In ev­ery story of Nana Kwame Ad­jei-Brenyah’s

Poets and Writers - - Trends -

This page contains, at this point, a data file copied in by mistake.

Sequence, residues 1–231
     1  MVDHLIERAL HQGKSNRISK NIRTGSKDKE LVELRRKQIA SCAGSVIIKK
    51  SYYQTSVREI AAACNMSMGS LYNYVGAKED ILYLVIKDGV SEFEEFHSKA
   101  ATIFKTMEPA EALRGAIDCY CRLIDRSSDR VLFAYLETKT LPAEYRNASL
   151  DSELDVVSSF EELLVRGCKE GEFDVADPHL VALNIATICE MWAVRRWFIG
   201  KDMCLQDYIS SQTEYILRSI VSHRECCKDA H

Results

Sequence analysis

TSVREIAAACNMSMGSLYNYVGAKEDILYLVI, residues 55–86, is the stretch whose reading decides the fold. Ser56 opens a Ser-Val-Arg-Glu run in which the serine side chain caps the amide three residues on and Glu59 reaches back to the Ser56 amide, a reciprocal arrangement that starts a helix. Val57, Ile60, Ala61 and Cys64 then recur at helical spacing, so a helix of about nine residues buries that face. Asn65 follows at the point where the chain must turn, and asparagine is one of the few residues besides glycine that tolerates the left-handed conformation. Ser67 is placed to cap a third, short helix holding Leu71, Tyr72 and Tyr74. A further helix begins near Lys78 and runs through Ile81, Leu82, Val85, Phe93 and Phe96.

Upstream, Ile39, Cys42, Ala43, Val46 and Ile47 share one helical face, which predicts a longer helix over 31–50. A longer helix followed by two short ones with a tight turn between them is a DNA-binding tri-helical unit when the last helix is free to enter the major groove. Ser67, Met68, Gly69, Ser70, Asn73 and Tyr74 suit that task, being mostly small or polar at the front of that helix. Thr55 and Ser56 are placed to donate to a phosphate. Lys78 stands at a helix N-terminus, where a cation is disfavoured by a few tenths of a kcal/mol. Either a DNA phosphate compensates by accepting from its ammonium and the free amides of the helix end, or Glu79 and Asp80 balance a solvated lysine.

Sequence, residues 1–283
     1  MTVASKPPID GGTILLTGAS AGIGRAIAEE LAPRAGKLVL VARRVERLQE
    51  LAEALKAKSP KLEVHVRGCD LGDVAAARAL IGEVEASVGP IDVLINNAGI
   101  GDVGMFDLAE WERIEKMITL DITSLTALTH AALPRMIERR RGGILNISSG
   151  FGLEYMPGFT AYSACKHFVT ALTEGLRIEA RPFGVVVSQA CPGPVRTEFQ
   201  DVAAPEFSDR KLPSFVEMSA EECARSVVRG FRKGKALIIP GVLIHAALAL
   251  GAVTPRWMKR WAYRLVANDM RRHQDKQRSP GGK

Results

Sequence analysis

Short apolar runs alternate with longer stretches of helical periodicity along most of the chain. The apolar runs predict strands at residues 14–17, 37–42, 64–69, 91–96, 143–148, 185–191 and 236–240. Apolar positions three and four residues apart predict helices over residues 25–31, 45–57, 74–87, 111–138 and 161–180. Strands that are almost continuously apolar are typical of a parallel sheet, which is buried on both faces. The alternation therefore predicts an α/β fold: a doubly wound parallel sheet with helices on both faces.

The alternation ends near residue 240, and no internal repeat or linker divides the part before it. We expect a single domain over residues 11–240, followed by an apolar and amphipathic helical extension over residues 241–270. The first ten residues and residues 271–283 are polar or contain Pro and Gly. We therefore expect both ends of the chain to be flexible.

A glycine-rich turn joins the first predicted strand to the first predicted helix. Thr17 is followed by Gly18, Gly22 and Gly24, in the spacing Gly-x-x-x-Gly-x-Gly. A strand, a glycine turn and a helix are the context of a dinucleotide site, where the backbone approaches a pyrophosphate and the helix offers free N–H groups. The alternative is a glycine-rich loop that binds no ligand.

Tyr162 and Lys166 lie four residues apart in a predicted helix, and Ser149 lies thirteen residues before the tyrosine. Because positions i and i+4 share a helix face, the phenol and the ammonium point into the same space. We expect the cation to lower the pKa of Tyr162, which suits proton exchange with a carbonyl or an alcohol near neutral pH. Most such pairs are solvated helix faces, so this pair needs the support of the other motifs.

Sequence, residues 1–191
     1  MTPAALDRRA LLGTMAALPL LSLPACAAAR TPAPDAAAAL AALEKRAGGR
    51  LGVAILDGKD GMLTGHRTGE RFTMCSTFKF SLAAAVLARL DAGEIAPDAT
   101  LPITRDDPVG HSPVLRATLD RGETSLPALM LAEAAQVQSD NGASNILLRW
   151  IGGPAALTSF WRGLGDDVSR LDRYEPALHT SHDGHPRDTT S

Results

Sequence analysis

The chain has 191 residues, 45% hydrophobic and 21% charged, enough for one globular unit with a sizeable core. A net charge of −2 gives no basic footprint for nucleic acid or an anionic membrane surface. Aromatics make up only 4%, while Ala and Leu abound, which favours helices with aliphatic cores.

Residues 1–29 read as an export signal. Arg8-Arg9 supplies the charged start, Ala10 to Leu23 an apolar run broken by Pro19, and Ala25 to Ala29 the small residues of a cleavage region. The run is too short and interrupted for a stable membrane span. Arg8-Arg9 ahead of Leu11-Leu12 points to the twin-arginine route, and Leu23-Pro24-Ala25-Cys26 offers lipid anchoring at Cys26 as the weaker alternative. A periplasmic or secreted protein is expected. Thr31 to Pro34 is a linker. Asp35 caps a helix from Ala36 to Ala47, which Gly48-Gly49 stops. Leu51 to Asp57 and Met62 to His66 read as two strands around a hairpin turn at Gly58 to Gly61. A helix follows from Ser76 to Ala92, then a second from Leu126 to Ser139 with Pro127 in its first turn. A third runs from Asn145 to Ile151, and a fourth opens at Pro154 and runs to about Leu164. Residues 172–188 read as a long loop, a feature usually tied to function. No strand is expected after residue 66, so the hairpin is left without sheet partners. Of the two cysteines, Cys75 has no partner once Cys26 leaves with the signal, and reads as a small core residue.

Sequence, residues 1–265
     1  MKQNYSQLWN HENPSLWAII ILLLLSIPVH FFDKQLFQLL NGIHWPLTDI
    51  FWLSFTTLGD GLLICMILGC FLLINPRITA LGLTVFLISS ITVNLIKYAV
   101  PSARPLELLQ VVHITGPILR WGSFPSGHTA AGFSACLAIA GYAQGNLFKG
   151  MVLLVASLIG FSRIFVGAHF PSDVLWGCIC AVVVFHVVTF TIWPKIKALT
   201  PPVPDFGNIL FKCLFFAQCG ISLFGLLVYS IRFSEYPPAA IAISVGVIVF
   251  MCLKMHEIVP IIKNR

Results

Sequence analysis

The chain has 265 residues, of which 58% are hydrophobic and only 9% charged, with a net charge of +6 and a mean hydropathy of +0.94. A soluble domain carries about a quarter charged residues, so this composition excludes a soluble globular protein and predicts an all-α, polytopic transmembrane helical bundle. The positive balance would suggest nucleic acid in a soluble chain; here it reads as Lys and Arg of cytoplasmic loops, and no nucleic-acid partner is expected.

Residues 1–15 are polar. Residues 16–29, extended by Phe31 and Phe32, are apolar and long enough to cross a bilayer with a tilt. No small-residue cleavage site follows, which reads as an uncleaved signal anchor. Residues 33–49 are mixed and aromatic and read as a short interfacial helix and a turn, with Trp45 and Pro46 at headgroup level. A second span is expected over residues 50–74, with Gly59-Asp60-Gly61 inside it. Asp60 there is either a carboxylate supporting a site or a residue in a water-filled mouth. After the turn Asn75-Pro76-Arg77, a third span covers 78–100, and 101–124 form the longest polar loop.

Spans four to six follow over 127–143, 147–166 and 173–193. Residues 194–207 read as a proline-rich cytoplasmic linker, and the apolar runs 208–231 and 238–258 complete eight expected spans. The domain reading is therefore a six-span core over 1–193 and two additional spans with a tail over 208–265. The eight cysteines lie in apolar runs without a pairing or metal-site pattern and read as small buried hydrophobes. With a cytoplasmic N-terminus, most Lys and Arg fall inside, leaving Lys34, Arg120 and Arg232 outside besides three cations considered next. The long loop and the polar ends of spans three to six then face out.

de­but col­lec­tion, Fri­day Black, char­ac­ters con­front the bleaker re­al­i­ties of Amer­i­can life—racism, con­sumerism, com­mod­i­fi­ca­tion of the body—and reckon with the con­se­quences of these is­sues on our hu­man­ity. The sto­ries in the col­lec­tion, which will be pub­lished in Oc­to­ber by Mariner Books, have a dystopian bent and are told with dark hu­mor and a clear-eyed un­der­stand­ing of hu­man fail­ings. “Peo­ple say ‘sell your soul’ like it’s easy,” says the nar­ra­tor in one story. “But your soul is yours and it’s not for sale. Even if you try, it’ll still be there, wait­ing for you to re­mem­ber it.” Ad­jei-Brenyah has pub­lished work in Print­ers Row, Gravel, and the five jour­nals below.

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